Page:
Mr. Lipscomb was consulted again. Since I had witnessed this entire attempt, I wandered over to center court and listened in on what Mellencamp, his sound guys and Mr. Lipscomb were discussing. Mellencamp described how the sound was bouncing. The back wall consisted of an upper “floor” catwalk, the wall under the catwalk, and a wall of retracted bleacher seats from there down to the floor. The problem was the three different distances with the wall under the catwalk being the most problematic. When the discussion fell into silence, I asked if the bleachers could be pulled out and bounce the sound to the ceiling. Mellencamp’s sound man looked at me, and back at the bleachers… at me… at the sound and lights mixing station… at Mr. Lipscomb… at me… at Mellencamp… and said “we should have pulled the bleachers out to begin with and we don’t have time to tear down and set up the mixer again, but, yeah, we can pull them out a few yards and we could drape something off the catwalk to get rid of that dead space.” It wasn’t my suggestion, but I did get them to think of other alternatives. Mr. John Mellencamp looked at me, smiled, and wandered off to shoot some basketball with Steve Wanchic and other band members. The bleachers were pulled out about six feet and gym mats were drapped from the catwalk down to the top of the bleachers. It took about ten minutes for John to be as happy as he could expect to be with the sound. He was playing inside a big box after all.
My job at the show was to take tickets at the door. No one had been told that the tickets all had been overprinted with florescent invisible ink. It wasn’t needed. There were zero attempts at counterfeiting tickets. I know. I used a black light to look at every single one of them that came through my door.
I was able to step inside the auditorium for the first part of the first show. I was behind and off to stage left where Lisa Germano was wailing on her violin. I couldn’t stay for the entire show because I had to coordinate with the hired security staff on how to get the current audience out of the building while trying to get the next audience in as fast as possible. It was freezing cold outside, and people were standing in line already.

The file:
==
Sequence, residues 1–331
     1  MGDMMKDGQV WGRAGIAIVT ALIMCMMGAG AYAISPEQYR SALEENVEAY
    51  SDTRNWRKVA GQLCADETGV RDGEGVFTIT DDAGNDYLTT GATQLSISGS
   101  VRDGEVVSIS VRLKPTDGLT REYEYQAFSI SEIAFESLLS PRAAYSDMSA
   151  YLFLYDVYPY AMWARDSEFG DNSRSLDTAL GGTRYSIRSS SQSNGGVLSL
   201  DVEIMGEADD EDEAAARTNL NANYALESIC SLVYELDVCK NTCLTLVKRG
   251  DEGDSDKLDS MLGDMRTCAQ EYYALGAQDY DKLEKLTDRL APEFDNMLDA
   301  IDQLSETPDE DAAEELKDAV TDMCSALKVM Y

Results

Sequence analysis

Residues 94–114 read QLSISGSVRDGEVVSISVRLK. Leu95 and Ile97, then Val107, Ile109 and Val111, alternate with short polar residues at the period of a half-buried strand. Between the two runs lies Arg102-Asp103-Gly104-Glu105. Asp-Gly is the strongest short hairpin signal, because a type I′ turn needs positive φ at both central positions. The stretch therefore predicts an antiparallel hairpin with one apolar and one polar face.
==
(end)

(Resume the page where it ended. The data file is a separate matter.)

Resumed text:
After we got everybody in for the second show, and finished up putting away our equipment and everything, I was able to take in the last half of the second show. This time I wandered around the back edge of the crowd to see if I could get a view of the entire stage. This is where I found a small boy and his mother straining to see the stage. It was literally standing room only, no seating of any kind. She tried to pick him up so that he could at least say he actually saw Mellencamp but he was too big for her to lift very high. I asked her if it would be okay if I picked him up to see, and she agreed. I sat this kid on my shoulders and he stayed there for the rest of the concert. After the show the mother was crying and squeezed my arm and thanked me over and over and over. I only did what I would have wanted someone to do for me. As a kid I was very small for my age.
It seems odd that twenty years have gone by since then. I haven’t thought about that night for many, many years. It has been fun romping down memory lane, especially since John Mellencamp is still one of my favorite musicians. I hope he has fond memories of his visit to Chillicothe, Ohio. I wonder if we could get him to do a 25th anniversary concert?